I recently saw a wonderful documentary film called American Heart at the Minneapolis Film Festival. I went to see the film because it dealt with an issue of interest to me – health care for refugees and immigrants. While that was indeed the focus of American Heart, it dealt just as much with universal themes: end of life issues, family, resilience and how life unfolds in mysterious ways.
American Heart follows three patients at the HealthParters Center for International Health, a primary care clinic in St. Paul, over a 5 year period. The “stars” of the show were Lem Thor, a former political prisoner from Cambodia, Patrick Junior, a Karen man from Burma, and Alex Gliptis, an Ethiopian refugee. Alex and Patrick, in particular, had complicated medical problems (which became more complicated over the course of the 5 years). Lem had liver cancer, related to chronic Hepatitis B, common in people who grew up in Southeast Asia (see related blog post).
From the health care perspective, some of the takeaways for me were:
- The doctors and other health care providers in this clinic (whose mission is to care for refugees and immigrants) were compassionate and sensitive, but in the hospital, that was not universally true (some were, some weren’t).
- Even in the clinic, it seemed like the visits were quite short and didn’t necessarily provide enough time for patients to really talk about what they were going through (except for Alex who was also seeing a mental health professional at the clinic) which in all three cases were possible imminent death.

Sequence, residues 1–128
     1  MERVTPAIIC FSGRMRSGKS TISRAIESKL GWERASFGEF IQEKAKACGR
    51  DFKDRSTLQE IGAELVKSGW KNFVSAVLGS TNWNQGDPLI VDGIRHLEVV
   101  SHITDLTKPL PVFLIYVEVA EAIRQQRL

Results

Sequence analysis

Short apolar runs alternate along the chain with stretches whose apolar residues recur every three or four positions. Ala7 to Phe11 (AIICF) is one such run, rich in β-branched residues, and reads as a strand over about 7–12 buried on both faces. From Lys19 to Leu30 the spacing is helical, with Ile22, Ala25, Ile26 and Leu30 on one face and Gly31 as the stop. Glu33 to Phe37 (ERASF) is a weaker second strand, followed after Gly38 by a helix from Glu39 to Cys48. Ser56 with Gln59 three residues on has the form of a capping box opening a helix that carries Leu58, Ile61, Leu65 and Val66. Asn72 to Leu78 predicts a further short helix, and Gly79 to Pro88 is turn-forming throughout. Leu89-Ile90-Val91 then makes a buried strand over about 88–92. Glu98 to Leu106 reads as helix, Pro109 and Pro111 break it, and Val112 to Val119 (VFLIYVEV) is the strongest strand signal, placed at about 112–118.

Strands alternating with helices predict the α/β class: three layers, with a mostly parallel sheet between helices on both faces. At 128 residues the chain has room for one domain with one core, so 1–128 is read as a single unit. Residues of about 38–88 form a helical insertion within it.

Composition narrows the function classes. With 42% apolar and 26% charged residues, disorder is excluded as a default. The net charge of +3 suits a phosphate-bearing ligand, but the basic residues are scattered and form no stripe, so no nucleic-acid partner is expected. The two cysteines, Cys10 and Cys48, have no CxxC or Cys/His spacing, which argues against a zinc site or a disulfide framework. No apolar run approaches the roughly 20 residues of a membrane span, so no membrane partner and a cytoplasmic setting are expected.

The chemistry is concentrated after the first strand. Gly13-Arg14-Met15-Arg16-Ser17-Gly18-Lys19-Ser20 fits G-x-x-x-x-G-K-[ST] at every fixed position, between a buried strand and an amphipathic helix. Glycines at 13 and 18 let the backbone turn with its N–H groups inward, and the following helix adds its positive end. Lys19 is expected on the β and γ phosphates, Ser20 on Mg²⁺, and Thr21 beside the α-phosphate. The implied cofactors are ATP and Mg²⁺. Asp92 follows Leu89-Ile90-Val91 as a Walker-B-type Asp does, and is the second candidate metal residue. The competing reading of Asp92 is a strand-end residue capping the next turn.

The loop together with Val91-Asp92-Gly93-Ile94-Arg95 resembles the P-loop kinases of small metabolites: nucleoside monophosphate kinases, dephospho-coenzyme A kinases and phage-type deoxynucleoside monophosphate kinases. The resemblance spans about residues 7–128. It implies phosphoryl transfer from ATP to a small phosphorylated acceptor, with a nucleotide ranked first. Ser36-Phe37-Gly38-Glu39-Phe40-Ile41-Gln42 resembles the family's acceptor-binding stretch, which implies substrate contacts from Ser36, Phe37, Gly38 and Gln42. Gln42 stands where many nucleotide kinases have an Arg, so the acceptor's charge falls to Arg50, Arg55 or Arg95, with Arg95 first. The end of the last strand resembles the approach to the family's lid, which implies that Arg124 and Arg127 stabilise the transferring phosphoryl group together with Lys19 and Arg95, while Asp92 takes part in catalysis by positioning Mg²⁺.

- This has been said many times before, but it was clear from the film that medicine is not an exact science and it did appear that decisions were often made without a great deal of deliberation. Language barriers only exacerbate this.
The human story, though, was what was really compelling to me. Alex was an intellectual mechanic with a wry outlook, writing at least one autobiography (one titled “I”) and in constant grief over the loss of his beloved brother who died in political violence in Ethiopia; Patrick was a sweet, happy and optimistic man who wrote beautiful songs and played (and slept with) his guitar; Lem was a quiet and proud man who chose his own path. Despite having survived many hardships, these three men all had a strong will to live, which may have served them well. They were all supported by loving families. Human resilience seems to have played a role in how disease progressed or didn’t progress but to say any more would be a spoiler.
American Heart is on the film festival circuit now and is also being requested by medical training programs focusing on cross-cultural care. While it certainly brings out many cross-cultural issues, it also illustrates issues about the medical system in general as well as the human condition and spirit. Two thumbs up from this critic!
Click here to see a video trailer.